Compare and contrast monarchy, aristocracy, tyranny, oligarchy, and democracy as forms of government in Ancient Greek city-states. ￼￼￼University of the People Student X Written assignment unit 2 Compare and contrast monarchy, aristocracy, tyranny, oligarchy, and democracy as forms of government in Ancient Greek city-states. ￼1 Compare and contrast monarchy, aristocracy, tyranny, oligarchy, and democracy as forms of government in Ancient Greek city-states. Introduction Before all let define democracy, so it is defined as a type of government where people exert the sovereignty. As far as democracy is concerned, critics of democracy, such as Thucydides and Aristophanes, both are pinpointing on that the demos in which that they thought that it could be too easily swayed by a good orator or popular leaders the firebrand and get carried away with their emotions.
Compare and contrast monarchy, aristocracy, tyranny, oligarchy, and democracy as forms of government in Ancient Greek city-states. Monarchy: According to Meriam Webster, a monarchy can be a) “undivided rule or absolute sovereignty by a single person” or b) “a nation state having a monarchical government” or c) “a government having a hereditary chief of state with life tenure and powers varying from nominal to absolute”. (Merriam Webster, n.d.). From these definitions, it is clear that a Monarchy consists of a single individual rule, having earned that status through inheritance. Monarchies were not a very common form of governance within the Greek system.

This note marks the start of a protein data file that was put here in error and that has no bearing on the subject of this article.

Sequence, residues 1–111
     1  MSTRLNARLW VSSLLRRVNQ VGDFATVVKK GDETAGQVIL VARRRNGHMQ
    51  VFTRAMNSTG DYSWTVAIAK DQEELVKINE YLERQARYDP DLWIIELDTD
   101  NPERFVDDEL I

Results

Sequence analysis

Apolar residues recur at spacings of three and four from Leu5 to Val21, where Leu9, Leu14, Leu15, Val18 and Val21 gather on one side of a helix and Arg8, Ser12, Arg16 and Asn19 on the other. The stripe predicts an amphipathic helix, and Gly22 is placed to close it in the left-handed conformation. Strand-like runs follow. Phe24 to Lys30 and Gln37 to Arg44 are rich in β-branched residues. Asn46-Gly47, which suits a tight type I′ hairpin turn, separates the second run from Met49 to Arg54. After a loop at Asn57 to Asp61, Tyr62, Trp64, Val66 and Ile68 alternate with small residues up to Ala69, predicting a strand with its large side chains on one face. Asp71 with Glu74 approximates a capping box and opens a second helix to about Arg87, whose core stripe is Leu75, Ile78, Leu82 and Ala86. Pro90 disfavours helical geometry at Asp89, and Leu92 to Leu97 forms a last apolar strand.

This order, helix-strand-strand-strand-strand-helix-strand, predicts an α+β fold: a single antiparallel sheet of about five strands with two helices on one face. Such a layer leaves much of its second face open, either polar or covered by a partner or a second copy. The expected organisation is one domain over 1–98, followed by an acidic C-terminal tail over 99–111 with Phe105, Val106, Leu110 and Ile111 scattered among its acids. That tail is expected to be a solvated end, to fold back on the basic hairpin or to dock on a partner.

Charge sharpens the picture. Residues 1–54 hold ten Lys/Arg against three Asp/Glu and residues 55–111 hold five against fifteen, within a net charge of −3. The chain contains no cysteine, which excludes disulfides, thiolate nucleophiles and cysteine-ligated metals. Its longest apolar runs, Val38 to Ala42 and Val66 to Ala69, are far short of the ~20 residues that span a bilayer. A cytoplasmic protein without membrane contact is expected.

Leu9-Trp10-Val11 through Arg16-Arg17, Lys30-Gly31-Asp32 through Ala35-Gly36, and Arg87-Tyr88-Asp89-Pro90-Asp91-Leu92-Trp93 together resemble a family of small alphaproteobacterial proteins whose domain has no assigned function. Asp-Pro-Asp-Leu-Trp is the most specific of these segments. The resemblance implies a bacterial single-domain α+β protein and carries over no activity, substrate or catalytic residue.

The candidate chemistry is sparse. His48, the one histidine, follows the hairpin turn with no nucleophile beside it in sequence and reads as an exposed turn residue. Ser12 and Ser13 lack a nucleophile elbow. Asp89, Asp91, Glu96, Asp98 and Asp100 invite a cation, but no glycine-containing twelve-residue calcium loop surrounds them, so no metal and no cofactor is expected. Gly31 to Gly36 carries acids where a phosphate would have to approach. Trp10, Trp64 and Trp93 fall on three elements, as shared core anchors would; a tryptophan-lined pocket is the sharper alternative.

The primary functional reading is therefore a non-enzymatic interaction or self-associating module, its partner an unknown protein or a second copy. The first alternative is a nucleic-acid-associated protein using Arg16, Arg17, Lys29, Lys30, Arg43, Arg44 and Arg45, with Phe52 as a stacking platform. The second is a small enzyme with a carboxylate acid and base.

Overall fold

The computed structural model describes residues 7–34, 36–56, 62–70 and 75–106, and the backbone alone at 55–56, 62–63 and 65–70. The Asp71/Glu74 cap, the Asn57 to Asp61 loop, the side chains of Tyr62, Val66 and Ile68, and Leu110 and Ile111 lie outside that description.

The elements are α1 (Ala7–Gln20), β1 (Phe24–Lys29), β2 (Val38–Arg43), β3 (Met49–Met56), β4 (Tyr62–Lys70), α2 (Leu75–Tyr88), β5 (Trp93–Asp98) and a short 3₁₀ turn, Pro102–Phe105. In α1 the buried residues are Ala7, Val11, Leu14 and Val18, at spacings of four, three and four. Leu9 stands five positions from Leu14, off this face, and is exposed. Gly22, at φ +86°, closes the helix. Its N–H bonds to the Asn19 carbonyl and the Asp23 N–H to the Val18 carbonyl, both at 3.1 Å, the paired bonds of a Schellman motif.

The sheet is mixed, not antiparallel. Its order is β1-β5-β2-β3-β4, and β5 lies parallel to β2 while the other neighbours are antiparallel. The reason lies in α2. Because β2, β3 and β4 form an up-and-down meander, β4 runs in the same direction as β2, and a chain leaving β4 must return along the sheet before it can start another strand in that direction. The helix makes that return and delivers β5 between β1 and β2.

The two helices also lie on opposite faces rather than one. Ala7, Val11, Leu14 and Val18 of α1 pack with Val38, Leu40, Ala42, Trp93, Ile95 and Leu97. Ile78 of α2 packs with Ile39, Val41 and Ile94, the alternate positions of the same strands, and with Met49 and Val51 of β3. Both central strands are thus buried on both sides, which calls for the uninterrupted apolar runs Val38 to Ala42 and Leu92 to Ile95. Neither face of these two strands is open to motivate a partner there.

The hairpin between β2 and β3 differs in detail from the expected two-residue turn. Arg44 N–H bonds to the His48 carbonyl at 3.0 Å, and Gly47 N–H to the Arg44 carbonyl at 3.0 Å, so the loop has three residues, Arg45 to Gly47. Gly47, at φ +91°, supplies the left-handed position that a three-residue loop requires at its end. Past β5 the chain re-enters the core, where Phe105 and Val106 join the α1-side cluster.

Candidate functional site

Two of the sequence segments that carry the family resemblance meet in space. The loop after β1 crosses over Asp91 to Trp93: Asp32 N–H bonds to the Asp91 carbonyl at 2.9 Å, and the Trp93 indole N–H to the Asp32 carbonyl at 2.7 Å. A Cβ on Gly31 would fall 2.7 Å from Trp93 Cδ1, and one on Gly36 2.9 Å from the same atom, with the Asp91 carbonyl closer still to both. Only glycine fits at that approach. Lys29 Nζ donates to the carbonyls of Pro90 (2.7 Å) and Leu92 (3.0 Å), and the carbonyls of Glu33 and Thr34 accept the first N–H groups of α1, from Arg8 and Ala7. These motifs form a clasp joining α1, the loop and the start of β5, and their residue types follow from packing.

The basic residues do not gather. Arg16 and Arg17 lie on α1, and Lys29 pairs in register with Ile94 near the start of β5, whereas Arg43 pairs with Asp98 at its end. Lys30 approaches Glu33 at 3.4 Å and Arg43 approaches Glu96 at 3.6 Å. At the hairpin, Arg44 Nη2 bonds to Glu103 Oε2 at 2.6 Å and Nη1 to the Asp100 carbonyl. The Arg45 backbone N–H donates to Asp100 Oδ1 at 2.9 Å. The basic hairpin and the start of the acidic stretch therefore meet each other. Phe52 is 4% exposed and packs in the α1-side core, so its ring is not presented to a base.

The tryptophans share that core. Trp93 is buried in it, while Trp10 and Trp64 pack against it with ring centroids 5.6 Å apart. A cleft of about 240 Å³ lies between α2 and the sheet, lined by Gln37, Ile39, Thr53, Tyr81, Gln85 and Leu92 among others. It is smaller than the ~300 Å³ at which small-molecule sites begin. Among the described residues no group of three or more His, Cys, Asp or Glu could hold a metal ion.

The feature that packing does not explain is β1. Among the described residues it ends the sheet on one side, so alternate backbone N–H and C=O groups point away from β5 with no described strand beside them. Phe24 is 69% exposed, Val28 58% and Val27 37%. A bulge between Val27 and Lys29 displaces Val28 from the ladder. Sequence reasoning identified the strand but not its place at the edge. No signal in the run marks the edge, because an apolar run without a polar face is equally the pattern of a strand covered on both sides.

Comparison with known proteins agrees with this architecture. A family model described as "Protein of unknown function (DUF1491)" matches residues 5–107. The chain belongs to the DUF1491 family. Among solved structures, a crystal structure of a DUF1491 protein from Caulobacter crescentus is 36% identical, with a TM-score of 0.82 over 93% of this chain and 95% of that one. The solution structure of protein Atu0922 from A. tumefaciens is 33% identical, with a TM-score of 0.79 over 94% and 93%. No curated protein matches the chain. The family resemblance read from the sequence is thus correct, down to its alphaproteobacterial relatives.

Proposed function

Aristotle’s politea is often mistranslated as ‘government’, but a more suitable translation is ‘regime’. He views polity as a combination of attributes from oligarchy and democracy. Democracy, in this case can be interpreted as mob rule, unlike modern democracy. According to Aristotle, there are two distinct classes, which cannot overlap; the rich and the poor. Thereby dividing the constitutions into oligarchy (rule of the rich) and democracy (rule of the poor).
Under the control of a monarchy there is less corruption. It was believed that the authority and the power to rule the whole country came directly from god. In other words they were considered as representatives of earth. Absolute monarchs are not judged by the society and also there are higher chances of rebel. Another characteristic is that the ruler rules until his dies, and the throne is passed to their next generation.
A liberal oligarchy is referred to as an system that is governed by a few people. If one was to truly think about the terms we use to define the American political system, one would come to realize that this may be a more accurate definition. If America was a true democracy everyone would rule and govern themselves or everyone would be able to have choice in the decision that are made. In today’s society people are given the false idea that they have a say in the policies and laws that are created and even the power to pick their representatives. As it relates to education we should go to schools and learn things that foster our interest and promote individual